The three British men who embraced Islam
There is a little-known story of three English gentlemen who embraced Islam at a time when to be a Muslim was to be seen to be a traitor to your country. Through personal journeys of still surviving relatives, the programme looks at their achievements and how their legacy lives on today.
William Henry Quilliam, a local Liverpool solicitor and resident embraced Islam in 1887 (aged 31), after returning from a visit to Morocco, and took on the name Abdullah. He claimed that he was the first native Englishman to embrace Islam. His conversion led to a remarkable story of the growth of Islam in Victorian Britain. This history is now beginning to emerge and has important lessons for Muslims in Britain and around the world.
After embracing Islam, Quilliam began a campaign of Dawah, which in the circumstances of Victorian England, has to be described as the most effective in the UK to date. He became an Alim, an Imam and the most passionate advocate of Islam in the Western world. In 1894 Sultan Abdul Hamid ll, the last Ottoman Caliph, appointed him Sheikh-ul-Islam of the British Isles. The Emir of Afghanistan recognised him as the Sheikh of Muslims in Britain. He was also appointed as the Persian Vice Counsel to Liverpool by the Shah. He became a prominent spokesman for Islam in the media and was recognised by Muslims around the world. He is the only Muslim in Britain to have officially held the position of Sheikh Ul Islam of Britain. He issued many Fatwas in his capacity as appointed Leader of Muslims in Britain. These fatwas are relevant even today.
He established the Mosque and Liverpool Muslim Institute at No. 8 Brougham Terrace and later purchased the remainder of the terrace, and opened a boarding school for boys and a day school for girls. He also opened an orphanage (Medina House) for non-Muslim children whose parents could not look after them, and agreed to for them to be raised in the values of Islam. In addition, the Institute operated educational classes covering a wide range of subjects that were attended by both Muslims and non-Muslims, and included a museum and science laboratory.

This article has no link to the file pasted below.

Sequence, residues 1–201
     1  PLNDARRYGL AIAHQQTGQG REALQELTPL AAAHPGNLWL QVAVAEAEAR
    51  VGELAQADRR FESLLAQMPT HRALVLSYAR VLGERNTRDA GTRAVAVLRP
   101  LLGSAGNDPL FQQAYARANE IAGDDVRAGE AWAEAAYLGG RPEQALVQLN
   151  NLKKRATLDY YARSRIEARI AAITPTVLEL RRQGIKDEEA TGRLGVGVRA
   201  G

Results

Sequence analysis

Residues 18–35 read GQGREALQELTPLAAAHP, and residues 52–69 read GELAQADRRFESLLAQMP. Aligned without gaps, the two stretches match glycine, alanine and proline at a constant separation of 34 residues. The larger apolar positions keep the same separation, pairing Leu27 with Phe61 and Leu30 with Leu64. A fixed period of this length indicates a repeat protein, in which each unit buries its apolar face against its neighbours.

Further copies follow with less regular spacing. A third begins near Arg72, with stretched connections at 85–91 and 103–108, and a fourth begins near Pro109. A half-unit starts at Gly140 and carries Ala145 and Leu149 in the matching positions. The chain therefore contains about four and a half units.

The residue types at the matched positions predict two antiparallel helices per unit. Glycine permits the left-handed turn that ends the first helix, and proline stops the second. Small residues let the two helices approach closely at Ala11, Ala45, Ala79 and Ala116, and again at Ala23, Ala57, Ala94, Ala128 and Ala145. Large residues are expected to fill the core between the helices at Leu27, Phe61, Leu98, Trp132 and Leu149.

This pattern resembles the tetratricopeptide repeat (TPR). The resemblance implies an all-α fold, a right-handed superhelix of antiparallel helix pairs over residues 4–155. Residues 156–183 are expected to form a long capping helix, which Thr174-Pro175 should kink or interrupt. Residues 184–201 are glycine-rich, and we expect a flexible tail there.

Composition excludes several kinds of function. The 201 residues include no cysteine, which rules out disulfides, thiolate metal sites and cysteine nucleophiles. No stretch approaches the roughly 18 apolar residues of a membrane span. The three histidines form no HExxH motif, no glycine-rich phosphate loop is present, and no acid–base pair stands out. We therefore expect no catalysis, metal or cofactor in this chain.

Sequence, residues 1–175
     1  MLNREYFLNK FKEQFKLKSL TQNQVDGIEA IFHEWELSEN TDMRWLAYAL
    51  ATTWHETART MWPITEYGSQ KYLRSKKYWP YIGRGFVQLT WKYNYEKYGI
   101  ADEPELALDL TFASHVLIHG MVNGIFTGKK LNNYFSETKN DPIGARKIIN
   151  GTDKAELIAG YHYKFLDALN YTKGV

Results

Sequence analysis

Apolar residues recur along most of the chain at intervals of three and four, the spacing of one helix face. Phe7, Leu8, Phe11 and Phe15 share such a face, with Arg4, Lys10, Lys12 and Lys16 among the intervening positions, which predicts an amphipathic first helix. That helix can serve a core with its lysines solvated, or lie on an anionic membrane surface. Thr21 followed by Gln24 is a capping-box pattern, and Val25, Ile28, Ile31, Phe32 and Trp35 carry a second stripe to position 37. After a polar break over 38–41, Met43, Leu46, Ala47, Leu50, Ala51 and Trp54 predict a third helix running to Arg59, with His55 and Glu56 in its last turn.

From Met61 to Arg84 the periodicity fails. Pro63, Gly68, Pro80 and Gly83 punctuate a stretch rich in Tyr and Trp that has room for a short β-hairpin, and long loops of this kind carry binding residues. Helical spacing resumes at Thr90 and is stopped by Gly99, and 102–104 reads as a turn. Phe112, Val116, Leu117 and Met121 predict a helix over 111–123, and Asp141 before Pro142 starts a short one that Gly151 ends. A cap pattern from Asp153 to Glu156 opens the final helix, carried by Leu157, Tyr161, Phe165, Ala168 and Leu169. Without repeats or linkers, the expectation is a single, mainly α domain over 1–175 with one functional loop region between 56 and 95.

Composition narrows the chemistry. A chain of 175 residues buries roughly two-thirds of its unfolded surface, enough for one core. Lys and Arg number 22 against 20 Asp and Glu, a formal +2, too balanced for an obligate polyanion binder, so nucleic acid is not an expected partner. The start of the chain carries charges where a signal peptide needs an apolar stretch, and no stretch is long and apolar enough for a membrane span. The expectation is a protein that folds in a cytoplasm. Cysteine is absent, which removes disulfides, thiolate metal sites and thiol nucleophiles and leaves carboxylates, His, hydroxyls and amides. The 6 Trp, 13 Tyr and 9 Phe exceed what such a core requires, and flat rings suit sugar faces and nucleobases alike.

In 1893 the Institute published a weekly magazine, named ‘The Crescent’, and later added the monthly ‘Islamic World’, which was printed on the Institute’s own press and distributed to over 20 countries. The Crescent was published every week and was effectively a dairy and record of Islam in Britain and the around the world. There are hundreds of archive copies of these magazines in the British Library. Without this unique weekly record we would not know of the existence of this native Muslim community of around 200 people in Liverpool, and many other parts of Britain. These offer the first attempt at Muslim journalism in the UK and offer a unique insight into a British Muslims view of events and issues in Liverpool, the UK and the Muslim world, at a crucial period of Muslims living under colonial rule.
He also wrote and published a number of books. In particular his ‘Faith of Islam’ had three editions translated into thirteen different languages, and was so popular that Queen Victoria ordered a copy and then re-ordered copies for her grandchildren. The Institute grew, and at the turn of the century held a membership of 200 predominantly English Muslim men, women and children from across the local community. Quilliam’s dawah led to around 600 people in the UK embracing Islam, many of them very educated and prominent individuals in British Society, as well as ordinary men and women. His efforts also led to the first Japanese man embracing Islam.
Quilliam eventually had to leave England after facing hostility and persecution, the first Muslim experience of ‘Islamophobia’ in the UK. He eventually returned to the UK and adopted the name Haroun Mustapha Leon, and passed away in 1932 near Woking, and was buried in Brookfield Cemetery where Abdullah Yusuf Ali, Marmaduke Pickthall and Lord Headly are also buried.
Rowland Allanson-Winn, 5th Baron Headley